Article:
The Girl enjoys the newish show about The Flash, as does her friend next door. After a weekend sleepover, as I made them pancakes, they told me about the show and we got to talking about superheroes. We started making up new ones until, inevitably, we came around to DadMan. DadMan is a middle-aged suburban dad with super powers.
DadMan doesn’t wear a spandex suit because, well, DadMan doesn’t get to the gym as often as he once did, and nobody needs to see that.
DadMan’s secret weapon is a seemingly inexhaustible supply of terrible jokes. He uses them to groan bad guys into submission. (“...so the duck says…” “Enough, DadMan! I surrender!”) In extreme cases, he breaks out the puns. People with sensitive ears are advised to beware.
DadMan has the ability to fall asleep anywhere, anytime, instantly. Insomnia trembles before DadMan. DadMan celebrates his decisive triumphs over Insomnia with the Snores of Victory.
DadMan has Super Memory, but only for irrelevant things. Want to know who played Carmine “The Big Ragu” Ragusa on Laverne and Shirley? DadMan to the rescue! What does “defenestrated” mean? DadMan is here! Where did we spend Thanksgiving last year? Um, DadMan needs to check…
DadMan can mow the lawn in a single hour.
DadMan’s arch-enemy -- every superhero needs one -- is the evil Cable Helpline Representative. DadMan has spent hours -- literally, hours -- locked in handset-to-handset combat with Cable Helpline Representative, sparring verbally until nearly disappearing into a cloud of surprisingly specific profanity. Witnesses claim that DadMan even changes color during these battles, going from pale to pink to an unnerving scarlet. The Boy and The Girl have learned to give DadMan a wide berth during these battles. We still speak only in hushed tones of the Great Comcast Conflagration of 2010.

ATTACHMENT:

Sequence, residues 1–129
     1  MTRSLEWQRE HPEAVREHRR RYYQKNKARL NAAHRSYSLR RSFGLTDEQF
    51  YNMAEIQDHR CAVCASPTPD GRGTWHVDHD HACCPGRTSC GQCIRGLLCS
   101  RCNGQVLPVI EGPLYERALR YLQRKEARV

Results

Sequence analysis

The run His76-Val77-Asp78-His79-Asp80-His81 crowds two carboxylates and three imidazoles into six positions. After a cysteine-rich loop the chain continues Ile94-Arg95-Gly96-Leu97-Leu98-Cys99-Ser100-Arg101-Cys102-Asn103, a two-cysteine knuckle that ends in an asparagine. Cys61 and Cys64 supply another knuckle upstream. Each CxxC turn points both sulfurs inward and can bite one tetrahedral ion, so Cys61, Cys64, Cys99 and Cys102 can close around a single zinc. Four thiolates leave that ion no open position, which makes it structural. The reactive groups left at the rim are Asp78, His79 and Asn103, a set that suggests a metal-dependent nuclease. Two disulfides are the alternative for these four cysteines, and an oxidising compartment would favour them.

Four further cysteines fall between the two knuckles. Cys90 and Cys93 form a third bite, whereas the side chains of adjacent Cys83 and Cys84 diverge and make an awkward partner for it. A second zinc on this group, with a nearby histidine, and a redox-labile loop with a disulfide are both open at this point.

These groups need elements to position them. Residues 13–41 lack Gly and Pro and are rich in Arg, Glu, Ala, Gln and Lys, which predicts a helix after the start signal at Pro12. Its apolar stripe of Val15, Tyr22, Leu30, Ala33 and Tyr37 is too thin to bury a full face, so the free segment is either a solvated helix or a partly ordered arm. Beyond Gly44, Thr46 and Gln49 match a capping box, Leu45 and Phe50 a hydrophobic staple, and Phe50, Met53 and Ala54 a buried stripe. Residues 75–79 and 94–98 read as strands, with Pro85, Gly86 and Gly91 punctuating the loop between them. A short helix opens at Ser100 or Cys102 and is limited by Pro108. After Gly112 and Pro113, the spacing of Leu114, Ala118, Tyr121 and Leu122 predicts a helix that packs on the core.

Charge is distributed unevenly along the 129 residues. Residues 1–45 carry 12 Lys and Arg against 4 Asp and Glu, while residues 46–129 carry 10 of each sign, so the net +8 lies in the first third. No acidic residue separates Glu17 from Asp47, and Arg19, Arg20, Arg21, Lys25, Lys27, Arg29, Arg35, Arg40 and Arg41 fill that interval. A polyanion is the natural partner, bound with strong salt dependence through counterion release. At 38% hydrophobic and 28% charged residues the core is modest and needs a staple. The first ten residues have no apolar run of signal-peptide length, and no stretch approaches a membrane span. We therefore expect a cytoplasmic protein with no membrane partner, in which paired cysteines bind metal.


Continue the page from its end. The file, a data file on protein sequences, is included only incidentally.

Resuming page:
Unfortunately for DadMan, Cable Helpline Representative seems to have shape-shifting powers, adopting a different name, accent, and even gender from one call to the next. But DadMan will not be deterred.
DadMan is unafraid of the kitchen, though his sense of portions remains controversial. He scoffs at the puny plates of the millennials. DadMan prefers mighty heaps of pasta, sometimes quoting idiosyncratic theology to make the point. He also uses his theology to endure the curse of having grown up a Buffalo Bills fan. “Sure, Niebuhr counseled the spiritual discipline against resentment, but he never had to deal with Scott Norwood!” DadMan considers that an airtight argument.
DadMan has an uncanny ability to find stupid comedy on cable.
DadMan isn’t static; he’s developing new powers all the time.
DadMan has recently developed the superpower of telepathic embarrassment. He’s able to embarrass The Boy anywhere, anytime, without even trying. DadMan suspects that this may be because The Boy is fifteen. DadMan has embarrassed TB while picking him up, without even getting out of the car. Mere steel and glass cannot stop his rays of mortification.
DadMan also has the power of invisibility. When driving a car full of teenagers, they talk about incredibly personal things as if he weren’t even there. He can also pass clusters of students in hallways and hear amazing things as he goes, apparently undetected.
To the irritation of SuperMom, DadMan’s powers still don’t really include home repair. He tries instead to use irony and self-awareness, but finds them of limited use when the toilet won’t stop running. The garage door appears to have achieved self-awareness for reasons that elude DadMan.
The Girl and her friend prefer The Flash. DadMan accepts it. Even superheroes have limits.